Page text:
Children are likely to have tooth decay ‘if mothers do’
Poor oral hygiene in mothers can lead to children being more likely to suffer from tooth decay, according to experts.
Researchers from the University of California in San Francisco (UCSF) carried out the study to assess if there was a link between family influence and children’s oral health.
Among the Hispanic families examined it was found that if a mother had rotten teeth the infant was almost twice as likely to suffer as well, suggesting they could need emergency dentistry in the future.
Jane Weintraub, director of UCSF’s Center to Address Disparities in Children’s Oral Health, said: “The oral health of parents, especially mum can impact the oral health of children, so dentists should include the whole family in the dental care process.”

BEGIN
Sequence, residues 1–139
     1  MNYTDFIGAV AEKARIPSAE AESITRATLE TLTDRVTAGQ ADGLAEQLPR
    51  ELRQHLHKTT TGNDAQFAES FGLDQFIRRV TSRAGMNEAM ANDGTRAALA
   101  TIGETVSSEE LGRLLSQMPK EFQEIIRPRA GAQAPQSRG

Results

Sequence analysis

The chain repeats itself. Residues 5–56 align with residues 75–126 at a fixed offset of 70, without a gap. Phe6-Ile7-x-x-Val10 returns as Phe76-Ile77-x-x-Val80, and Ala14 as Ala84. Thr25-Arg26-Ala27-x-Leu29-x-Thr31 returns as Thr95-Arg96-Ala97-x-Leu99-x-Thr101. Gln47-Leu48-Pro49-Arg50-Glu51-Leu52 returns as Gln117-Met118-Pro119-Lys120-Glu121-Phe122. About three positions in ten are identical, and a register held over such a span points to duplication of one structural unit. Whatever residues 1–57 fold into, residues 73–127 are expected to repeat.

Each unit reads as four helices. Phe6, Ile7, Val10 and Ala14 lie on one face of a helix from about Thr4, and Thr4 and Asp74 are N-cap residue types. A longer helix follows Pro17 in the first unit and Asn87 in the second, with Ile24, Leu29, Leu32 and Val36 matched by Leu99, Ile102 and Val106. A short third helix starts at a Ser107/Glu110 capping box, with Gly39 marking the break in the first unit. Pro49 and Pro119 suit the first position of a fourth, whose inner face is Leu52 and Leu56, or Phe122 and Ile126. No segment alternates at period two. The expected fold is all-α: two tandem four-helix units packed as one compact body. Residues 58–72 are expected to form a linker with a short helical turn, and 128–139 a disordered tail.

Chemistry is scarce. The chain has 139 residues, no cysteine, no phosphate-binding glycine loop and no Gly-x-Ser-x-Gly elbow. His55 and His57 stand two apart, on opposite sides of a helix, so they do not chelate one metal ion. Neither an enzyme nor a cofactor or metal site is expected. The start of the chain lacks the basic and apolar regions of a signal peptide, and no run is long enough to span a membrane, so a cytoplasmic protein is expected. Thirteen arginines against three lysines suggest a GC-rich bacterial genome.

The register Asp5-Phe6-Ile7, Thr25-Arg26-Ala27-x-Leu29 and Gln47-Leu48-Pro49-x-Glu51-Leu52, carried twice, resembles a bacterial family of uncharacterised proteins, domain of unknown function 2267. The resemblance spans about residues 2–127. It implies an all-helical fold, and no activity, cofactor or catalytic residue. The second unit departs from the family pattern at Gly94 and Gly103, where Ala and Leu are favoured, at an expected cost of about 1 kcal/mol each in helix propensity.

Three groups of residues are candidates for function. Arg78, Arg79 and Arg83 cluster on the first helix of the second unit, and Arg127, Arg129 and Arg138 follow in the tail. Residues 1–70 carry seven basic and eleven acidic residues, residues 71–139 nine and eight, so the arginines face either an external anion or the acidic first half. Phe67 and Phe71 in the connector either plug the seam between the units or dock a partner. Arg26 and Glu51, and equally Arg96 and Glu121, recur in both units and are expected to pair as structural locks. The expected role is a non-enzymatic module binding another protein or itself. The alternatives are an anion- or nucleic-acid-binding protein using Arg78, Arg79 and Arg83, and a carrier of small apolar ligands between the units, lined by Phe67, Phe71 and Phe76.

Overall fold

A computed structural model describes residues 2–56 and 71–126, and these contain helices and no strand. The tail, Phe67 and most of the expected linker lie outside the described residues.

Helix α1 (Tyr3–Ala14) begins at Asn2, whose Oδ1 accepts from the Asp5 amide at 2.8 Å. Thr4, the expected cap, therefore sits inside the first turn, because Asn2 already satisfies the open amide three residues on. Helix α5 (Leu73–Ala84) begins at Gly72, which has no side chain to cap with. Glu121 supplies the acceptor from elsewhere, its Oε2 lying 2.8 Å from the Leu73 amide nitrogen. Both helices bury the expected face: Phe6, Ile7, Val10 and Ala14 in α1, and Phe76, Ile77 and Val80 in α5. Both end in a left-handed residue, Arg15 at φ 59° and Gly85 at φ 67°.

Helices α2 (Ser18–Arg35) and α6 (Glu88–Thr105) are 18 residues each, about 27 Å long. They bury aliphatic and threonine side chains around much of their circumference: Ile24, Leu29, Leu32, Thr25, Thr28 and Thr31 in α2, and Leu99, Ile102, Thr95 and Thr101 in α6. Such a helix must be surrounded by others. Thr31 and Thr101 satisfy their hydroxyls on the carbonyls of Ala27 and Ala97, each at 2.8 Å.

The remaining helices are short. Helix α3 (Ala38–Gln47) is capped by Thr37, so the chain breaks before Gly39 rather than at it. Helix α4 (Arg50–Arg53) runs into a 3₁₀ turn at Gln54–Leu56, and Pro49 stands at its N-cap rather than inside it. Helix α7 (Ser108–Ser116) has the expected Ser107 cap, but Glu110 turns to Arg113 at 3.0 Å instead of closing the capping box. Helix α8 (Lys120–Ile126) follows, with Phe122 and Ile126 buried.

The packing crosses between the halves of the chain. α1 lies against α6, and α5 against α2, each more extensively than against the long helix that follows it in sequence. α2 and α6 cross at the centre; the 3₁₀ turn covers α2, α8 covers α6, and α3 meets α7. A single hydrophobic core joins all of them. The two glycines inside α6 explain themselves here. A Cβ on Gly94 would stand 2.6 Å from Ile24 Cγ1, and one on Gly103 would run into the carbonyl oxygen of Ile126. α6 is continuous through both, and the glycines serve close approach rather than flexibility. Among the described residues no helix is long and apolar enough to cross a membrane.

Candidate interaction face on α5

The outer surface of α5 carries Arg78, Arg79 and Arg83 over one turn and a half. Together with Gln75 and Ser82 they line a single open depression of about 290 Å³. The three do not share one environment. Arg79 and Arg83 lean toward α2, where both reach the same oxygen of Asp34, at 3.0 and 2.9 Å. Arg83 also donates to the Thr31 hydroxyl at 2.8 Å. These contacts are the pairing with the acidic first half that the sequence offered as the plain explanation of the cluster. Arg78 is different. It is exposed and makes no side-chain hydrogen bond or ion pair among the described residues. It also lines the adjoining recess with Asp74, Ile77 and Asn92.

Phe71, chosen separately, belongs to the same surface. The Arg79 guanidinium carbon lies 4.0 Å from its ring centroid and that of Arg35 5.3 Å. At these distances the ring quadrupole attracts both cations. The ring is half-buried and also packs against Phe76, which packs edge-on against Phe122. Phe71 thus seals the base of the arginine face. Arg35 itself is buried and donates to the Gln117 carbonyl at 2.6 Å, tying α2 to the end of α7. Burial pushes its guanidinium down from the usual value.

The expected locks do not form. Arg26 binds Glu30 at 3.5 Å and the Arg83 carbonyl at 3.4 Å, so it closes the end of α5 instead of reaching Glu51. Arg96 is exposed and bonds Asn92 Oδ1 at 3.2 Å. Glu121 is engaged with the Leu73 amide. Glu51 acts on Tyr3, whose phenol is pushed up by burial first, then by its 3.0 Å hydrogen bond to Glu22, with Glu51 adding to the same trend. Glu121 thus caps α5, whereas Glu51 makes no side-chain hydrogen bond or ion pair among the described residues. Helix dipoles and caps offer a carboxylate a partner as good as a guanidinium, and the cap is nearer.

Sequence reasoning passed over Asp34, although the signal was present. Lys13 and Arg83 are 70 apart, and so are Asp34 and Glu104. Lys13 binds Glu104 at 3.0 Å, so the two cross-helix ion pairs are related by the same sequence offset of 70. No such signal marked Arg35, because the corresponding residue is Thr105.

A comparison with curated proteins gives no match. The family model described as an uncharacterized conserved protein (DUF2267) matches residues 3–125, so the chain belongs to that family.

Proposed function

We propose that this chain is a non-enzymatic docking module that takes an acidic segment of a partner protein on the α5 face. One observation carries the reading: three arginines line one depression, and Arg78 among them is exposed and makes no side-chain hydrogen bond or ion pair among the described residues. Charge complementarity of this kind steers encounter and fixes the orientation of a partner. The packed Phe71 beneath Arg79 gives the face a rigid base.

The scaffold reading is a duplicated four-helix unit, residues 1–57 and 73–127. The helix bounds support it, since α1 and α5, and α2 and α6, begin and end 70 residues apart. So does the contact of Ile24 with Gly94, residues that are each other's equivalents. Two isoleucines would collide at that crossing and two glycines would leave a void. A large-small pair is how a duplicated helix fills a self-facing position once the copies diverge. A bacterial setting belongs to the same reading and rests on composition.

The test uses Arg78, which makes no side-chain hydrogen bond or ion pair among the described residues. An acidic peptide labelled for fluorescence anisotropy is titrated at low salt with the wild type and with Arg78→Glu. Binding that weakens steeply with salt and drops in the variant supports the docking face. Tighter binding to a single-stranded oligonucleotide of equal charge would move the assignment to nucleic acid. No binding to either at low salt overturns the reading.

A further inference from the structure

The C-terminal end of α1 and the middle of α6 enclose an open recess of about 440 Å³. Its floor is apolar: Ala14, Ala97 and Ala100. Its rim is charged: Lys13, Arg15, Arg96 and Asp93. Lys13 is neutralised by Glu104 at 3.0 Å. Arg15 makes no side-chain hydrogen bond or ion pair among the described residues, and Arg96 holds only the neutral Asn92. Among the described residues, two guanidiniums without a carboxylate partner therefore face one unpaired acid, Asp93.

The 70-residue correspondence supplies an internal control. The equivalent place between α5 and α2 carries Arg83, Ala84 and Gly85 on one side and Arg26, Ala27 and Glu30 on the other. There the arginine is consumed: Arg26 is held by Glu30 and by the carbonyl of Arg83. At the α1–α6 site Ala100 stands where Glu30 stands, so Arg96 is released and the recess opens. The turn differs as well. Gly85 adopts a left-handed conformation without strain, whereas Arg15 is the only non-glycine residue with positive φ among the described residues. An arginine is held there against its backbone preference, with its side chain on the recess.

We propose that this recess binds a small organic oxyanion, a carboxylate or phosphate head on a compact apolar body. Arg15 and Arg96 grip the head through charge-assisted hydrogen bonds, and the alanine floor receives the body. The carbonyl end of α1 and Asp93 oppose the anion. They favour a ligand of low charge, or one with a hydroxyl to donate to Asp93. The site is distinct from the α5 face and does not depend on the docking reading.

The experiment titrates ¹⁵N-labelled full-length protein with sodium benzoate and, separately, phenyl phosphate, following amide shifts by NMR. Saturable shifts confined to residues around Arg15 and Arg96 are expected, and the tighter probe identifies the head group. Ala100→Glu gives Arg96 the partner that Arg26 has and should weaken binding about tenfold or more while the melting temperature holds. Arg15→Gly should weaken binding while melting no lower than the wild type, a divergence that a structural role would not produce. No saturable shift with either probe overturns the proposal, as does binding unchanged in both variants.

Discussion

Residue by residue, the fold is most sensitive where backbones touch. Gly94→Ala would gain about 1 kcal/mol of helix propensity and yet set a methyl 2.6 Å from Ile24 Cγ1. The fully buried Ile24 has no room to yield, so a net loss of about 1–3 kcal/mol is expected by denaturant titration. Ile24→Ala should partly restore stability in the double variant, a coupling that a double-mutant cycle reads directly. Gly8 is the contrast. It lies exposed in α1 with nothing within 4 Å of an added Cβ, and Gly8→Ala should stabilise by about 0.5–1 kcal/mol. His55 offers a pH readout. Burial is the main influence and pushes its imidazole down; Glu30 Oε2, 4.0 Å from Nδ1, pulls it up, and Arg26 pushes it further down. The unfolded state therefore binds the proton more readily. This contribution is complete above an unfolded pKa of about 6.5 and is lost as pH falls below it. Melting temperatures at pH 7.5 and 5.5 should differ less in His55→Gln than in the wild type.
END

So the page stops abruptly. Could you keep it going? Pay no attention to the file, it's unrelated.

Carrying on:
She explained that the bacteria which cause the problem can be passed between individuals by tasting a child’s food before feeding them with the same spoon and that as a result, the findings are likely to be representative of other demographics.
Parents were recently warned by the British Dental Health Foundation to be wary of allowing their youngsters to eat too much yoghurt as many are high in sugar and can cause teeth to rot.